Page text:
The Neighbors “Pilot” Review

The Neighbors (ABC) "Pilot" Episode 1 (1)

If you’ve been waiting on a family-friendly show that also features sci-fi elements, The Neighbors is your go-to. Keep in mind that the key word here is family-friendly. Don’t come to this with your brain completely turned on to Falling Skies mode; it’s not that serious. I think if I had to compare this show to anything, I’d compare it to the ’90s TGIF lineup combined with Nickelodeon’s ’90s show about a stranded alien, The Journey of Allen Strange. 

The show is about the Weavers–Marty (Lenny Venito), his wife Debbie (Jami Gertz), their oldest daughter Amber (Clara Mamet), the middle child Max (Max Charles) and the youngest child, Abby (Isabella Cramp). They move from their cramped living space in inner city New Jersey to a home in the clean suburban development, Hidden Hills. Marty thinks he’s finally living out his father’s dream of having a home with marble countertops and a golf course, but what he doesn’t count on is moving his family into a community of stranded aliens, waiting for their people to contact them through the poopar, a disk-shaped object that has green, gooey insides. (I’m also assuming it’s spelled that way.) However, the charger has been left on the home planet.

The aliens, known as the Zabvronians, only dress in Hamptons-esque uniforms and do what their leader, Larry Bird (Simon Templeman) commands of them. Larry Bird’s wife, Jackie Joyner-Kersee (Toks Olagundoye) is both faithful to him and long-suffering, seeing how he has gotten comfortable to bossing her around like the rest of their group. Their children are Reggie Jackson (Tim Jo) and Dick Butkus (Ian Patrick).

Of course, the Weavers think Larry Bird and his family are strange, but the big secret is revealed when, in an attempt to show Max and Abby a cool trick, Max changes into his normal alien form.

Even though the Weavers are scared about living next to aliens at first, they eventually come to terms with the news after deciding not to rat the Zabvronians out to authorities. The second half of the show then delves into a fairly standard “fish out of water” type story, where the two families learn from each other. In this episode, Debbie  instills feministic fury into Jackie when it comes to Larry’s inattention. This fury gets translated into Larry getting kicked out of his house when disagreeing with Jackie about a way to recharge the poopar.

Jackie takes actions into her own hands by telling Dick to go to their garage to recharge the device. In Zabvronian society, only the youngest member of the family can recharge the poopar, but once they do, they would get sent to the future to be raised by their grandchildren, never to see their original family again. The show culminates with Jackie’s maternal instincts kicking in. She saves her son from his mission and destroys the poopar, even if it means the colony will never hear from their homeworld again. The two families become friends, and thus we have the set-up for the series.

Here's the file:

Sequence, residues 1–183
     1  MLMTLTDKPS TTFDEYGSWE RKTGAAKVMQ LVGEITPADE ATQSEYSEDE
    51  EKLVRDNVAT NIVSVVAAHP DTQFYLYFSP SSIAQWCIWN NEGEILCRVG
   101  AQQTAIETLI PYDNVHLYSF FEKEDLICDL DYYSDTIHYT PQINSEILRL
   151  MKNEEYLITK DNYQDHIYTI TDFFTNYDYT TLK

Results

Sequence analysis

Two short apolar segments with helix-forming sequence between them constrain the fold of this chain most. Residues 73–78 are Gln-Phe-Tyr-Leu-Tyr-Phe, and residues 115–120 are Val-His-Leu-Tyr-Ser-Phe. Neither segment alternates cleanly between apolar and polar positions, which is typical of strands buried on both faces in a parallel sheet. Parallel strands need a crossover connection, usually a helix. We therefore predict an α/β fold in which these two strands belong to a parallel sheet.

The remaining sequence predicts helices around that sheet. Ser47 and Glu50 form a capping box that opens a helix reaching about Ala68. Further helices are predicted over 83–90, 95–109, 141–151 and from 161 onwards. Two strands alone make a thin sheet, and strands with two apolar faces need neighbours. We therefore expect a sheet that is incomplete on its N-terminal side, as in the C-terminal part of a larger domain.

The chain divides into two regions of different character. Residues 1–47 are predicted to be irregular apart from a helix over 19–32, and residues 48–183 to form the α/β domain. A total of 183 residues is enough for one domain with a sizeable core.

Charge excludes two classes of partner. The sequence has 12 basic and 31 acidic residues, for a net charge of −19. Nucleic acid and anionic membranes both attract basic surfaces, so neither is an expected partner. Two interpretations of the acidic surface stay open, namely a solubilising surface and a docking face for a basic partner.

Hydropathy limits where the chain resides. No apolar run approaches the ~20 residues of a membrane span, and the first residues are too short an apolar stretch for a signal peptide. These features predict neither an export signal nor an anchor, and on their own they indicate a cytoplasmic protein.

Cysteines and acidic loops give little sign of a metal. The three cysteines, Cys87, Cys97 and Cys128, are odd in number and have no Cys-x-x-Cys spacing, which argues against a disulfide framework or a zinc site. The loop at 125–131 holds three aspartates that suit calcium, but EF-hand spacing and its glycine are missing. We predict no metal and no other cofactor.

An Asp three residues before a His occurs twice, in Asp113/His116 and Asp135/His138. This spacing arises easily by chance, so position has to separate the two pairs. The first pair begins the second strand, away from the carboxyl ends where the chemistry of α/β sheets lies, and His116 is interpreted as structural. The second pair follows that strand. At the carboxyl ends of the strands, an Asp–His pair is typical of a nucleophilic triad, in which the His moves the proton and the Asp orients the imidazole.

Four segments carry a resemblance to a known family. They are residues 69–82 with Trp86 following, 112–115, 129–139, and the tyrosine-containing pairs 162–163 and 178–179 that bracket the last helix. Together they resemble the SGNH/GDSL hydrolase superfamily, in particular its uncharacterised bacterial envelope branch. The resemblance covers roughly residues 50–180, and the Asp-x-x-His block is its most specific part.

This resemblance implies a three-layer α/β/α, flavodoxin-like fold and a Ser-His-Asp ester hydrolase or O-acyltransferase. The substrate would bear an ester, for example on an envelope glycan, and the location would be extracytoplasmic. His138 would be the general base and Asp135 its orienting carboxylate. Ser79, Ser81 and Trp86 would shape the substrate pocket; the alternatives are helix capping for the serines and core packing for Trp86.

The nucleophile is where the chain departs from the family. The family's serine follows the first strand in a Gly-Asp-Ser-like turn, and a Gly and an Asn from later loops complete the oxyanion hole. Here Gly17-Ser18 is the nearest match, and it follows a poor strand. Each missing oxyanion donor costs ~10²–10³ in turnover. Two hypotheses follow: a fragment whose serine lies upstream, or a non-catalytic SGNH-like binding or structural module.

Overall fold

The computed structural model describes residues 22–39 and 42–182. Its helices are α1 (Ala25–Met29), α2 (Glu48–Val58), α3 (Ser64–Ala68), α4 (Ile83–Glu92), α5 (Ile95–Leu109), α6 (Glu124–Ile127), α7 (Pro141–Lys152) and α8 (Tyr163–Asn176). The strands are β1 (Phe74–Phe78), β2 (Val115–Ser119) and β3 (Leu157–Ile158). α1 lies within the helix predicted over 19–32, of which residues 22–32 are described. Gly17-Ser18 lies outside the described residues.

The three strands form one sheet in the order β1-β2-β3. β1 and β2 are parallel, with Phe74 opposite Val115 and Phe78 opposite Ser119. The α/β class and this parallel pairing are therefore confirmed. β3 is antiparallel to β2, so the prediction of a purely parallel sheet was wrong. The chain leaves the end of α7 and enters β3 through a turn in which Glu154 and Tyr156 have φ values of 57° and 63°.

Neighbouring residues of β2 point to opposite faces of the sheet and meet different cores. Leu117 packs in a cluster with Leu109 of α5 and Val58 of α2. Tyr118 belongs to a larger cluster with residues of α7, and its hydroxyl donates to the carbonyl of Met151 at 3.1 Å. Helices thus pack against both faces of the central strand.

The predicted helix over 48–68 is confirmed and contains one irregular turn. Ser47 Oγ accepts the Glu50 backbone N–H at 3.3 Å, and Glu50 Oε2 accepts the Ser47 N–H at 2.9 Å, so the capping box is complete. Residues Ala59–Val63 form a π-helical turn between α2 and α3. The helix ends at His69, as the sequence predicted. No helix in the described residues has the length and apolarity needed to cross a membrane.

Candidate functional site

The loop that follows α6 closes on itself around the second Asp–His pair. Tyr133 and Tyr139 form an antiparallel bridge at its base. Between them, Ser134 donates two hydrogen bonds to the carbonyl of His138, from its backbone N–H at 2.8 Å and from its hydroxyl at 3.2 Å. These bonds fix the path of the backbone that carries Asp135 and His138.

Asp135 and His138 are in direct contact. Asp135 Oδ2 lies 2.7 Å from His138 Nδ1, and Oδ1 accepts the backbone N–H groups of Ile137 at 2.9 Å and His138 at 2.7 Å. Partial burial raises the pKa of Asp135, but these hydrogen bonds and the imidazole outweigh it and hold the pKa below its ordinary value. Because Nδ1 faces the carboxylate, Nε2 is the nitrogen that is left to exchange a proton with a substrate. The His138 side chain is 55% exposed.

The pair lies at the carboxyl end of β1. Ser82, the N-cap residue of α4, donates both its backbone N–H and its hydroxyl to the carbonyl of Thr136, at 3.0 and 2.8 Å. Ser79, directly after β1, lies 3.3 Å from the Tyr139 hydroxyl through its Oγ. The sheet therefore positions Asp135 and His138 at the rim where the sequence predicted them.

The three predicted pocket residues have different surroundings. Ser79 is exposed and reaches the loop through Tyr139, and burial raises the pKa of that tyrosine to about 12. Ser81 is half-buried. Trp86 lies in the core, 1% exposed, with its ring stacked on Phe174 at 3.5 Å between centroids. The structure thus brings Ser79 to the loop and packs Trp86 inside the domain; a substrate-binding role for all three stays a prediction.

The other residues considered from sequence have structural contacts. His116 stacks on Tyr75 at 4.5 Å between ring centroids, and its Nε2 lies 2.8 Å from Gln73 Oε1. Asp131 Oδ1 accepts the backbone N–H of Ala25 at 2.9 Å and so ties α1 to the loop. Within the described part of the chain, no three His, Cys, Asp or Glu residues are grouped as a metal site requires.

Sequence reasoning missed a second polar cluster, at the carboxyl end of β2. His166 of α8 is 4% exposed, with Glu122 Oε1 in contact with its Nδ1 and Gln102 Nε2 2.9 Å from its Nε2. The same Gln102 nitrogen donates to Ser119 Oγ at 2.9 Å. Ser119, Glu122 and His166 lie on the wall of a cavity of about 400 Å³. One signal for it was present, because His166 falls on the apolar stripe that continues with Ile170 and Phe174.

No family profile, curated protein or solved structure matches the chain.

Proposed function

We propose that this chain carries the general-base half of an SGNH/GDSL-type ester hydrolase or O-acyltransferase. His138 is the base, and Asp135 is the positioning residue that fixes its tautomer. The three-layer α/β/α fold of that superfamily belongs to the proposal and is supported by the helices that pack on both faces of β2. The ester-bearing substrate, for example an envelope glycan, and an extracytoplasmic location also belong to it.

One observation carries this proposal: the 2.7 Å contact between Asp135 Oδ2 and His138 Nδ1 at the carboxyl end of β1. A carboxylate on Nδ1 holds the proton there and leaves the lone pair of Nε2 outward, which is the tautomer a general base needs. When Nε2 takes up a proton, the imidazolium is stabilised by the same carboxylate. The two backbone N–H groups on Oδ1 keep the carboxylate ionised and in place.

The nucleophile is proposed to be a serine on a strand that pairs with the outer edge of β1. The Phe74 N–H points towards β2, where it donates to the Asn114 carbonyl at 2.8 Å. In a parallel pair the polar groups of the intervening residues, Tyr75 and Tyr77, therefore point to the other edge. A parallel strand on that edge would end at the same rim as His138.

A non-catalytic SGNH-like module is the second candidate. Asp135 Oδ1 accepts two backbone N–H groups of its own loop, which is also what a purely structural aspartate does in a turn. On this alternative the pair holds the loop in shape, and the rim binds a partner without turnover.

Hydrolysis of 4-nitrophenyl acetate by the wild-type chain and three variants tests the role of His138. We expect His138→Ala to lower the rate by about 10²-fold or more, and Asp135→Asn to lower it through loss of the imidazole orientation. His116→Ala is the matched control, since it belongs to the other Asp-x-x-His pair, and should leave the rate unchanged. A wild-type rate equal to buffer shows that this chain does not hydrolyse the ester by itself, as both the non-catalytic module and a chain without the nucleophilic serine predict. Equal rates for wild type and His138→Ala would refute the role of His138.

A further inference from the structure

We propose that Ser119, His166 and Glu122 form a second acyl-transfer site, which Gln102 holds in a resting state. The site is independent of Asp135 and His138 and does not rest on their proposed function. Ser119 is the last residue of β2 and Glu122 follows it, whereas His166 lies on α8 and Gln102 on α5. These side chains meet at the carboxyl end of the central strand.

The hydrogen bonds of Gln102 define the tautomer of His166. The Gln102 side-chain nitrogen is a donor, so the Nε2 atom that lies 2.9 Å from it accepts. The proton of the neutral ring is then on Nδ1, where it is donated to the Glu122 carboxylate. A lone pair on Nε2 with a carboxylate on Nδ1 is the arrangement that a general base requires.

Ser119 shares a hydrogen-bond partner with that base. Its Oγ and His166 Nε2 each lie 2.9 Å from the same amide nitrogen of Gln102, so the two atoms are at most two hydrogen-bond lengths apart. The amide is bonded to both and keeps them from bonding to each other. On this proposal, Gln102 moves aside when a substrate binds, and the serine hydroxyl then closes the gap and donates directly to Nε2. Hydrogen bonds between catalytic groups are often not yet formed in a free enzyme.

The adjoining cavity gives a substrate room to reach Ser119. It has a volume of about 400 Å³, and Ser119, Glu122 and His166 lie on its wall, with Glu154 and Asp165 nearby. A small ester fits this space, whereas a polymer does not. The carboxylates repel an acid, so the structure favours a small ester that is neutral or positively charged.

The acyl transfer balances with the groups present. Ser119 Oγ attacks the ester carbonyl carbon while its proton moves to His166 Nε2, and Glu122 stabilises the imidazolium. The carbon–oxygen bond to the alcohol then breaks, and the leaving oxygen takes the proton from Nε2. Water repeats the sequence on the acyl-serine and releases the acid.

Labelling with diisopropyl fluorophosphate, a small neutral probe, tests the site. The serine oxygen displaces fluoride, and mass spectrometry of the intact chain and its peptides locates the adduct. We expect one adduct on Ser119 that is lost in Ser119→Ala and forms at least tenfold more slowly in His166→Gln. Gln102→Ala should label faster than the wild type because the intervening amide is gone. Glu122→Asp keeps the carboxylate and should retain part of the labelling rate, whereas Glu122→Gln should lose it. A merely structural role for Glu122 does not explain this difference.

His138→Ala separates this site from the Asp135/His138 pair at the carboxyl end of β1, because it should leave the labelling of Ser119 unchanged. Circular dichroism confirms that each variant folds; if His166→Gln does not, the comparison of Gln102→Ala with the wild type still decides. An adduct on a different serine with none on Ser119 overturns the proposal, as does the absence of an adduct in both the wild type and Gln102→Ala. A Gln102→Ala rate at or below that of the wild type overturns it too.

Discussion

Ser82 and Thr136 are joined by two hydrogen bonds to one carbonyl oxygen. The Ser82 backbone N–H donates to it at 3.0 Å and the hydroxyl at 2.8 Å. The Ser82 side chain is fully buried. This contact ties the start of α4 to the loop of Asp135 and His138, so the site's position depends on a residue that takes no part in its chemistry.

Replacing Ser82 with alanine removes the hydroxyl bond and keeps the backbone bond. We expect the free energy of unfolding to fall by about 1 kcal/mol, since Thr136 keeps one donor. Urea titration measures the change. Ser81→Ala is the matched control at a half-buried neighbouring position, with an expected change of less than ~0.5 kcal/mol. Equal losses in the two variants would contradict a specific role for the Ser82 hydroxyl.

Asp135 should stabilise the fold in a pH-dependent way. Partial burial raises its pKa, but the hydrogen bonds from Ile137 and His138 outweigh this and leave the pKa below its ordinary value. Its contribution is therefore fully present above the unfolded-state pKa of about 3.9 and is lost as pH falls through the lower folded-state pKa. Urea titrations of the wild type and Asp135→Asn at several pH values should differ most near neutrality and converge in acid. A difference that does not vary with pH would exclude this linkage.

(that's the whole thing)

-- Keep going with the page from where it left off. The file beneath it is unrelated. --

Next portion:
We learn some interesting things in this episode, and I’m sure the mythology will continue to build when it comes to what Zabvronians can and can’t do. Here’s a short list of what we’ve learned about Zabvronians so far:

  • They’re green Creature  from the Blue Lagoon-type beings
  • They cry green goo from their ears and their necks. It’s also alluded to that some of those openings are also used for sexual acts.
  • They have sex standing up with their arms in the air. I assume some sort of telepathy is involved, but we don’t need to get into all that.
  • They eat by reading
  • They sleep in pods
  • Some, like Larry and Jackie, have adopted British accents because, according to Larry, it makes our gutteral language sound more intelligent.
  • They seem to have a somewhat loose hive-mind mentality
  • They really do like human diversity. The reason I say that is because all of the minorities in this show were on the alien side. I’m not sure what kind of thing was involved when casting the show, but it seems mighty interesting that a chunk of the aliens were minorities, some of whom had British accents, which adds another layer to what this show considers “alien.” Who knows if the casting decisions had a social message behind them. I’m not arguing for or against, okay? I’m  just saying it’s interesting.
  • Overall, The Neighbors is harmless, fun television with a Mars Attacks-esque bent in terms of the show’s zany quality. I can’t tell you how long this show could stay on the air, but I can tell you that it has better writing than No Ordinary Family, another high-concept family show on ABC. As we saw, that show didn’t last that long, even though it had The Incredibles-esque appeal. At the very least, The Neighbors seems solid enough to survive its freshman year.